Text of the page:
THE WORLD OF KOMAINU


What is a komainu? Are the statues works of art?
Or merely symbolic figures of god's servants?
Read below to find out.


The komainu is sometimes called “lion dog” in English, but the term is hardly likely to invoke any particular image in the reader's mind. Its origins are the lion statues of China, but it developed along a different artistic and cultural plane in Japan. Komainu statues are a familiar sight for the Japanese, but in regard to their cultural value, they are just as ignorant as the rest of the world.
      Unlike the sculpted images of the Buddha, stone komainu statues have been unjustly ignored. Compared with clay figures and carvings in wood, stone statues require much more skill and patience to create. It is puzzling, to say the least, that they have been so little appreciated. We tend to think that artists create wooden sculptures and plaster figures, while stone carvings are the efforts of artisans. The fact probably has some bearing on such an attitude.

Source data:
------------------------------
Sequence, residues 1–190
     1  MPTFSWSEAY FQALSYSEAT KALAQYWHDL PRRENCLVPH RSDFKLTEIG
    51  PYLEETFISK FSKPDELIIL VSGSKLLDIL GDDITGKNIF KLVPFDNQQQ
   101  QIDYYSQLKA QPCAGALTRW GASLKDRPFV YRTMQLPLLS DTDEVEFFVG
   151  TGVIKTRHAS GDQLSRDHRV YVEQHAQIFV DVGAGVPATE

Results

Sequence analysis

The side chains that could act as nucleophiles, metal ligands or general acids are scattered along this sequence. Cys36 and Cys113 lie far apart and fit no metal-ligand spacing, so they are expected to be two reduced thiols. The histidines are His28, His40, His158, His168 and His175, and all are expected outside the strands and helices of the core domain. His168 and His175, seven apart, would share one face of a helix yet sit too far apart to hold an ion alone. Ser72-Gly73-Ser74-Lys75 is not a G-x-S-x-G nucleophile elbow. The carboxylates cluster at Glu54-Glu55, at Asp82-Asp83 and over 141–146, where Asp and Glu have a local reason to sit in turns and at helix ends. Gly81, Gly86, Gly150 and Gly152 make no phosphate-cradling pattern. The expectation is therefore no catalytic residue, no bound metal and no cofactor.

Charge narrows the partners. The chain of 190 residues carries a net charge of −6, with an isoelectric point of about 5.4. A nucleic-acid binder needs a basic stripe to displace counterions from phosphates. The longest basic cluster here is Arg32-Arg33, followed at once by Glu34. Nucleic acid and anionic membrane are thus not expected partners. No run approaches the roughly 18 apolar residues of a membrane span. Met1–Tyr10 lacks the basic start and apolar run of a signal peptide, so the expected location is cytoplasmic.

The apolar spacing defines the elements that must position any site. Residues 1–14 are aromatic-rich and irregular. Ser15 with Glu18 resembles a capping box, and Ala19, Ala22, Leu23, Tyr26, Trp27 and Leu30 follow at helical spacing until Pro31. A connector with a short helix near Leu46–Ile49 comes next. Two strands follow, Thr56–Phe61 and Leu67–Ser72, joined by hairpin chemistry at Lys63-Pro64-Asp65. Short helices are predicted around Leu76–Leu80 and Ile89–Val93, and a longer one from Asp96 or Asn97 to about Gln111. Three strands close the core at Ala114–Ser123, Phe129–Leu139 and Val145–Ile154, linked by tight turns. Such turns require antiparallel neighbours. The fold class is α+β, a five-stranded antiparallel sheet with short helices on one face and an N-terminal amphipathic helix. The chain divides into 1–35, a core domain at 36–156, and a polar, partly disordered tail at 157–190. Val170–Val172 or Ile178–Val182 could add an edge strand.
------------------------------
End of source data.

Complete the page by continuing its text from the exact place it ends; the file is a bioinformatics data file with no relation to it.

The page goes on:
More and more people, however, have been captivated by the appealing komainu statues. There are now quite a number in Japan who declare komainu appreciation as their pet hobby. This book has been compiled in an effort to convey to readers worldwide the wonders of komainu art and culture.

Probably the only complete guidebook to the world of komainu, they include numerous pictures in color and can be enjoyed with even an iPhone or Kindle Fire..